FEARLESS FRIDAY: ERIN DURAN

As we conclude PRIDE Week, we honor Erin Duran, the fearless director of LGBTQA Advocacy and Education. In Erin’s three years at Gettysburg, he has established institutional support for the LGBTQA community and has worked to make the campus more inclusive and accepting of all students.

A first generation college student, Erin admits he almost didn’t go to college. He knew he was queer before he knew the word for queer and saw college as an opportunity to explore who he was and to be himself without the consequences of others. It was because of his time at Grinnell College that made him want to pursue work in higher education in order to make higher education as liberating and transformative time for others as it was for him.

Erin has worked to fill the need for community education, for faculty, staff, and students. He has worked to update language used in trainings to align Gettysburg with what has been established as the best practices. He has worked with student speaker panels, helped the student group Friend or Foe begin, updated safer zone training, and has been focusing more on policy and institutional cultural aspects now that his position is full-time, including gender neutral housing and bathrooms, preferred name policy, and trans inclusive health insurance.

Erin attributes the hard work of the students and their support of him for the growth and success of the Office of LGBTQA Advocacy and Education. His one-one-one support has enabled students to step up and offer better, more well-tailored programming. Pride Week has gotten stronger each year and this year’s involvement with Sexual Assault Awareness Month has been extremely important. Erin also notes that more initiatives, especially the career workshops for the LGBTQA community, speaks great lengths about how far we’ve come and how we are serving the students.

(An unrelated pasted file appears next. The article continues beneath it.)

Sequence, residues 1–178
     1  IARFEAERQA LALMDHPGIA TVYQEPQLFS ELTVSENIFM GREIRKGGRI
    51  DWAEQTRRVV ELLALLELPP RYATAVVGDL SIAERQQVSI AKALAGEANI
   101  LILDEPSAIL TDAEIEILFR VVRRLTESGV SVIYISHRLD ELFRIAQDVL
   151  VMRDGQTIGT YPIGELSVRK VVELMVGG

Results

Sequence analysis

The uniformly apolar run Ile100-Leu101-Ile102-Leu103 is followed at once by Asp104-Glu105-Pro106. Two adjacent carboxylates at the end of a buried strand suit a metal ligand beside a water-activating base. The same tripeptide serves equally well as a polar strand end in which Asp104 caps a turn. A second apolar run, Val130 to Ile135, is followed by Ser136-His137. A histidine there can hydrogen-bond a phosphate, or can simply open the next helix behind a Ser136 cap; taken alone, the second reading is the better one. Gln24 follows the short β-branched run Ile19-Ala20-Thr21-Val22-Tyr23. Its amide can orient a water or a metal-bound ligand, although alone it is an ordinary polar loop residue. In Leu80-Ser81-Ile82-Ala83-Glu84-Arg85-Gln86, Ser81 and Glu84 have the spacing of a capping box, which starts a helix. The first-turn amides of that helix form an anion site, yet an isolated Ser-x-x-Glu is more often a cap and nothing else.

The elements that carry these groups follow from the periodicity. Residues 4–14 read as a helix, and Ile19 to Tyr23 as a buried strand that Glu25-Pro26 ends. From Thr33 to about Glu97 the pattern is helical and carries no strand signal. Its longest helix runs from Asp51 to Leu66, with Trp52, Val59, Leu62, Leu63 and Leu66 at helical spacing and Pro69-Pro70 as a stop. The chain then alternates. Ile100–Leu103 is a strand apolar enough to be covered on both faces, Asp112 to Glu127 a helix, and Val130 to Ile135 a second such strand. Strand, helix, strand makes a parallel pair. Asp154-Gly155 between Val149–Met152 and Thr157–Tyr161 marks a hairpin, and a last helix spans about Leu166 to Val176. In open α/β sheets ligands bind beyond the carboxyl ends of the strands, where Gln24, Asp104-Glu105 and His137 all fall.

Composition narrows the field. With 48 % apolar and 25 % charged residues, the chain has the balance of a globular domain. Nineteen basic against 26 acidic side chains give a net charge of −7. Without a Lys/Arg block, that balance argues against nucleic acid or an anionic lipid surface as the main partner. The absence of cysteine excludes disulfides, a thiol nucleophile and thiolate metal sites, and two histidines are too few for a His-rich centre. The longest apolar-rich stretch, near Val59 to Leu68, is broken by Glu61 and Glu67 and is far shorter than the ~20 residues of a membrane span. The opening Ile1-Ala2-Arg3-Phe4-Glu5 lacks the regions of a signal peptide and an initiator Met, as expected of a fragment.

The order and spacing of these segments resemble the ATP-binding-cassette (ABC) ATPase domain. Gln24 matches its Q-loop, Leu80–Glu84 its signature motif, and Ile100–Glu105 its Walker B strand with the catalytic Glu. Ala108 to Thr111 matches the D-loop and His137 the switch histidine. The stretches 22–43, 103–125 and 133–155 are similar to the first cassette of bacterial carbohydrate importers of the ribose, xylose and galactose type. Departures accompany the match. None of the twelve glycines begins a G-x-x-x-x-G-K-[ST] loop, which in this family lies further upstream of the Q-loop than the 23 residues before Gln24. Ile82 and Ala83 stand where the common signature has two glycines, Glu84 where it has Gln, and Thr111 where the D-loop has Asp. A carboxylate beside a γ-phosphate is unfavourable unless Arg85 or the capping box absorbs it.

Erin states he is most proud of the panel on trans inclusion in the military his first semester at Gettysburg and the panel with queer alumni from the 1970s, 80s, 90s, and 00s, for it is important to acknowledge the negative experiences in order to grow and learn from them. Looking towards the future, Erin hopes to have a more formalized and strengthened alumni network of queer individuals, including alumni mentorship for current students. He’s interested in increased participation with Greek Life and athletics and hopes to continue examining the complex intersections of people’s identities with more diverse student organizations co-sponsoring with other organizations.

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